How do you drink your coffee?
Chances are, if you are on this website you are a lover of coffee. However, I get asked often what makes the perfect cup of coffee. There is no black and white answer to this question. What might be perfect for me may not be perfect for you. We were all given this gift of taste, and we all taste differently. What I can tell you is that there are numerous variables that effect the flavor in your cup. From growth to cup the coffee bean goes through so many various changes that it is nearly impossible to duplicate 100% of the time. The variety of the bean, the elevation it is grown at, the soil, and the dryness or moisture level of the climate it is grown in all have an affect on your beans. After harvest the beans go through a drying process. Those drying processes include natural, honey, and washed processing……just to name a few. I recently even tested a Brazil bean that went through a fermentation process with tangerines! It was amazing, and I am in the process of purchasing some of them direct from a farm (side note) …..ok, back to the original purpose of this post. After the beans are dried, they are roasted. There are a million variables to roasting, and that is why every bag of coffee you purchase from various roasters will taste a little different; even if you are buying Colombia dark roast from several different roasters. The differences are in bean quality, the temperature the bean is roasted at, the airflow, and the roaster used……just to name a few. One bean roasted three different ways by the same roaster will even vary in taste. This is what makes coffee exciting! This is what makes even me, as a roaster, enjoy trying coffee everywhere I go.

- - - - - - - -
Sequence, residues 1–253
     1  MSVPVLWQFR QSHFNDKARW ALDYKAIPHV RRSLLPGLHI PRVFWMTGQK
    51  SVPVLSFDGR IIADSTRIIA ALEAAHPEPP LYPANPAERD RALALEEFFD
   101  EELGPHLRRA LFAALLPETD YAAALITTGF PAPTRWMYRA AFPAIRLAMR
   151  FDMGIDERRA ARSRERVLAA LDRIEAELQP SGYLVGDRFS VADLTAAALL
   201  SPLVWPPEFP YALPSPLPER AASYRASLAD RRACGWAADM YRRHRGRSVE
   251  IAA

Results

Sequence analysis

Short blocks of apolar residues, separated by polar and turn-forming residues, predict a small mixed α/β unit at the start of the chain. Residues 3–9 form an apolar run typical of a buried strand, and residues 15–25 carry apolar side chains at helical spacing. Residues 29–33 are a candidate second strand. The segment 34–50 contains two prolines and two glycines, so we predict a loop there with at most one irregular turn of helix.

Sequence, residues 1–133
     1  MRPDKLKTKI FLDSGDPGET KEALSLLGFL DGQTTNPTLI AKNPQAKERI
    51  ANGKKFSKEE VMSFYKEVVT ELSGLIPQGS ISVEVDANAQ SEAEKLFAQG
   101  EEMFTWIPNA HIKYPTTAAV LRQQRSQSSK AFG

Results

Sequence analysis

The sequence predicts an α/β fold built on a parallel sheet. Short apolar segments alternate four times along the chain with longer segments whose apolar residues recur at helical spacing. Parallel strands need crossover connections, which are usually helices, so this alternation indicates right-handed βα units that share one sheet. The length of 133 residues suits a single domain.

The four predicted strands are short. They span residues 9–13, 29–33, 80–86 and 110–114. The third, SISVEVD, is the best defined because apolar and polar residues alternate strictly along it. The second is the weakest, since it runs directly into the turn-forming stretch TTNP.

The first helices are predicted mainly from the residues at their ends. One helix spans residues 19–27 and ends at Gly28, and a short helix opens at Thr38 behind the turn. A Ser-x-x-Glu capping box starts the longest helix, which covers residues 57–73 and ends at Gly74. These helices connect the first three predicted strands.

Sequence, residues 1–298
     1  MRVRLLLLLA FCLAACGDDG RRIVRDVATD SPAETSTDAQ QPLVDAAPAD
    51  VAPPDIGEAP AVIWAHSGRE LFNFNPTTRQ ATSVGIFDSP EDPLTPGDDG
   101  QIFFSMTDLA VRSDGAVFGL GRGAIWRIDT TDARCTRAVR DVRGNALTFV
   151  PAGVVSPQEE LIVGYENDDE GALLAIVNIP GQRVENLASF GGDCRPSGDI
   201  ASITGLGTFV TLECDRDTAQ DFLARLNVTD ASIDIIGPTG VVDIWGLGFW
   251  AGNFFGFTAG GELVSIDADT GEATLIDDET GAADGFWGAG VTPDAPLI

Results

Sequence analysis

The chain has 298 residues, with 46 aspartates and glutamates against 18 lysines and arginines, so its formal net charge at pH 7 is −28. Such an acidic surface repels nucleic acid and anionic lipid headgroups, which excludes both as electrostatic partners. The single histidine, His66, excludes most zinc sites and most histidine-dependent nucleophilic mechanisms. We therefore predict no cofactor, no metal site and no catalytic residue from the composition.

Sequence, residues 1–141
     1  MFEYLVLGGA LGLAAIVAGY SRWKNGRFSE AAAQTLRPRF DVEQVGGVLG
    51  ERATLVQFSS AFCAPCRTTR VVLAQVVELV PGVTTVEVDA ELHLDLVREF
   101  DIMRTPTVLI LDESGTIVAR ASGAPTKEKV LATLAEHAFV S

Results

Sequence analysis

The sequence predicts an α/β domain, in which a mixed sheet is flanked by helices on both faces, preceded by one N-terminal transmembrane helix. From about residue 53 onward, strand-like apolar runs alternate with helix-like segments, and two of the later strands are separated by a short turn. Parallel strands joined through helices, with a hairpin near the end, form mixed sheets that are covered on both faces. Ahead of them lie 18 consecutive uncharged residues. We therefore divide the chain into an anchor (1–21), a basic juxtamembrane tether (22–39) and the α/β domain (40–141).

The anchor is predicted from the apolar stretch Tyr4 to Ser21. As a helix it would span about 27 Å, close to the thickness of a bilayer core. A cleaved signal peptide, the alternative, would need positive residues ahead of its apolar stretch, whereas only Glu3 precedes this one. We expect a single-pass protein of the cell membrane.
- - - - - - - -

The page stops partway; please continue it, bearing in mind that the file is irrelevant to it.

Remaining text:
What can you do to produce the best cup from what you have?
One tip to brewing a good cup is your water quality. Water quality plays a part in extracting those wonderful flavors in that bean. Other factors include your grinding process, temperatures, grounds versus water ratio, brew time and device you are brewing with.
I prefer to grind my beans immediately before brewing. This assures that you are getting your freshest cup from what you have. Here at Caines Head Coffee we prefer to roast to order so that you are buying the freshest beans possible. Coffee doesn’t ever really expire, it just begins to lose its rich flavors and slowly becomes stale over time. The date you find on the back of our bags is the roasting date.
First, get your grind on!
A finely ground coffee will have more surface area for extraction, but if you are not using an appropriate device for extraction it can taste very bitter. Turkish coffee is finely ground and boiled. This process produces are very strong and bitter cut of coffee. However, the percolator brewed coffee requires a coarse grind due to its process of repeatedly recycling the coffee through the grounds as it brews. If you used a finer grind in this process the coffee would be extremely strong, and you would likely have grounds in your coffee. The optimum grind or the coarseness of coffee beans lies somewhere between the finely ground powder and the very coarse beans. A cup of coffee produced from good quality beans but is too weak means that the beans are too coarsely ground and/or there was a high flow rate. If the cup of coffee is extremely bitter, it contains too high levels of organic acids because the beans were too finely ground.
If you are using a traditional drip coffee pot, you need a medium grind on your beans. Here at Caines Head Coffee we can grind your order based on the device you want to brew with……percolator, drip pot, moka pot, AeroPress, pour over, French press, espresso machine, or even strong bitter Turkish! Just remember, purchasing your own grinder and grinding right before you brew is what’s best.
What’s the magic ground to water ratio?
This all depends on your coffee making device and your water temperature. Because there are so many different devices, and so many variables with each, I won’t even begin to try to explain it all in this blog. BUT, I will share this great resource I recently found, and I am sure you will be able to find your roasting method. Have fun with this! Explore your coffee and try new things 😊. https://www.homegrounds.co/the-complete-guide-to-coffee-brewing-methods/